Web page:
The coronavirus pandemic is far from over as it actively spreads across the globe. The infection toll has reached a staggering 10.84 million people since it emerged in late December 2019 in Wuhan City, China. The virus that has left the city has now spread to 188 countries and territories and has mutated, becoming more infectious.
Now, a team of international scientists has found a new strain of the severe acute respiratory syndrome coronavirus 2 (SARS-CoV-2) that is more likely to infect people but does not seem to make them any sicker than earlier variations.
Novel Coronavirus SARS-CoV-2 This transmission electron microscope image shows SARS-CoV-2, the virus that causes COVID-19, isolated from a patient in the U.S. Virus particles are shown emerging from the surface of cells cultured in the lab. The spikes on the outer edge of the virus particles give coronaviruses their name, crown-like. Image captured and colorized at NIAID's Rocky Mountain Laboratories (RML) in Hamilton, Montana. Credit: NIAID
In May, a preprint study published in bioRxiv, reported that a variant of the virus, the D614G mutation, causes an amino acid change in its spike protein, making it more infectious than other variants of the virus. In the paper, the scientists revealed that the D614G mutation is rapidly spreading at an alarming rate, which has reached Europe from China. It has been the leading strain in multiple regions during the outbreak in May.
Now, a new scientific pre-proof version of the paper by the researchers and published in the journal Cell offers additional insight and clinical data about this SARS-CoV-2 mutation.
The researchers found that the genetic variation of the SARS-CoV-2 that dominates the world today infects human cells more readily than the original strain in China. The variant with spike G614 has replaced D614 as the dominant pandemic form, which produces higher viral loads and is more infectious in humans.
Structural mapping of amino acid changes and clusters of variation in the Spike protein.
The D614G variant makes a small but effective change in the spike glycoprotein, which protrudes from the virus surface. The virus uses this spike protein to bind with the angiotensin-converting enzyme 2 (ACE2) receptors in human cells. Once it attaches to the receptor, it can readily enter the human cell and trigger an infection.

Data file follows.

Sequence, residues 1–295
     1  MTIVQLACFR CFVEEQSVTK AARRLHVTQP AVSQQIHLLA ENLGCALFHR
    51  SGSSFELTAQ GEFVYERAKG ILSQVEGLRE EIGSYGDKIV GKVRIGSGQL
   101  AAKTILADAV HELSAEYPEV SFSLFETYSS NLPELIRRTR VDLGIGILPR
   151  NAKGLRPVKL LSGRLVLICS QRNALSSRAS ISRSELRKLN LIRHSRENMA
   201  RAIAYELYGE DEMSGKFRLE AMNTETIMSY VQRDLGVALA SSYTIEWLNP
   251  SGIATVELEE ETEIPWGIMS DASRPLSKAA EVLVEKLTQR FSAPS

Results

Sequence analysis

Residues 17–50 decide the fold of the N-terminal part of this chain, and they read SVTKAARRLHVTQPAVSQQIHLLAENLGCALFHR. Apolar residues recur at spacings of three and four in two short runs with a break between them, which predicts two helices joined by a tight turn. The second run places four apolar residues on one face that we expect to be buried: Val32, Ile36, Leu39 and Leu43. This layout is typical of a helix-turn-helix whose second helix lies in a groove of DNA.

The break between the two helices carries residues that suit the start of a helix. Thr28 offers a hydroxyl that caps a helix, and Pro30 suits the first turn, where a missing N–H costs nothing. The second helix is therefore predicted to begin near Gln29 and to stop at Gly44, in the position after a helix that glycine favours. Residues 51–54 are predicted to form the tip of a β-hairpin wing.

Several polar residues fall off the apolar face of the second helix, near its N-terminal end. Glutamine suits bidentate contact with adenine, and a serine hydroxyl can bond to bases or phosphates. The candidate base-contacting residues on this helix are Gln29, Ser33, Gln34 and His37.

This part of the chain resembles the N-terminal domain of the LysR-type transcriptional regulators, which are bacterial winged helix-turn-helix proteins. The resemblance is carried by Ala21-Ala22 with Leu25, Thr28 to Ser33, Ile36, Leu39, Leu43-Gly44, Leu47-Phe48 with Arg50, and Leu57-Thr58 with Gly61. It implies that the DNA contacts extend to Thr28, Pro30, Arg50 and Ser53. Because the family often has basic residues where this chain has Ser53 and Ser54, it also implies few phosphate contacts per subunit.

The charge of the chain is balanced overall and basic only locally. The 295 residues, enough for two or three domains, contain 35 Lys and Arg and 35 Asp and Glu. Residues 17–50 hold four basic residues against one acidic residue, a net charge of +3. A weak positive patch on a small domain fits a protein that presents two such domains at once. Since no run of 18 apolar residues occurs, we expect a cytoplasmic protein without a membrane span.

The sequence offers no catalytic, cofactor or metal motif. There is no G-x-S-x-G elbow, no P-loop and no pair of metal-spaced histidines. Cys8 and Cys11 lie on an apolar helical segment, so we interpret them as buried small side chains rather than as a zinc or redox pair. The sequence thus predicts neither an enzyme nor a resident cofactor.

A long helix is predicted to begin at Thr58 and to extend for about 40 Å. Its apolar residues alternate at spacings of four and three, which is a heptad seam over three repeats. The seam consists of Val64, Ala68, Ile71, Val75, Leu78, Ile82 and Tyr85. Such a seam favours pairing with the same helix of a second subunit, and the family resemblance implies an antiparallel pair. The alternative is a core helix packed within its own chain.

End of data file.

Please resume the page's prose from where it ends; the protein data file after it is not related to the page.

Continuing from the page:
However, when the G614 variant emerged, it quickly took over the dominant strain, which is the D614G.
The research team, consisting of experts from the Los Alamos National Laboratory in New Mexico, Duke University in North Carolina, and the University of Sheffield’s Coronavirus Disease (COVID-19) Genomics U.K. research group, analyzed genome samples published in GISAID, an international resource for sharing genome sequences among researchers across the globe.
The team has not only checked more genetic sequences, but they have also conducted experiments involving people, animals, and cell cultures in the laboratory. The findings of their experiments showed the mutated version of the SARS-CoV-2 is more prevalent and more infectious than the other strains.
Does not cause more severe disease
The coronavirus pandemic has now killed more than 520,000 people worldwide. The group suggested, however, that even though the new variant is more infectious and spreads easily, it does not seem to cause more severe disease.
Further, the team has found that those with the new strain of the virus had higher viral loads in the upper respiratory tract, making it more infectious.
“In infected individuals, G614 is associated with lower RTPCR cycle thresholds, suggestive of higher upper respiratory tract viral loads, although not with increased disease severity. These findings illuminate changes important for a mechanistic understanding of the virus and support continuing surveillance of Spike mutations to aid in the development of immunological interventions,” the researchers concluded in the study.
The researchers noted that even if the mutation of the novel coronavirus comes from just small changes, it can impact the development of vaccines and therapeutics being designed to combat the coronavirus disease.
“Also, if the G614 variant is indeed more infectious than the D614 form, it may require higher antibody levels for protection by vaccines or antibody therapeutics than the D614 form,” they said.
This means that vaccine development should take into consideration these variant changes. This way, when a vaccine is eventually developed against the novel coronavirus, it can offer protection for both strains or variants of the virus.
The pandemic has widely spread, with the United States, Brazil, Russia, Peru, United Kingdom, and India as the hardest-hit countries. The U.S. has a case toll of more than 2.73 million, with at least 128,000 deaths. Meanwhile, Brazil has reported more than 1.49 million cases, which has skyrocketed over the past month.
Russia, India, Peru, and the United Kingdom have high infection tolls, with more than 660,000 cases, 604,000 cases, 292,000 cases, and 285,000 cases, respectively.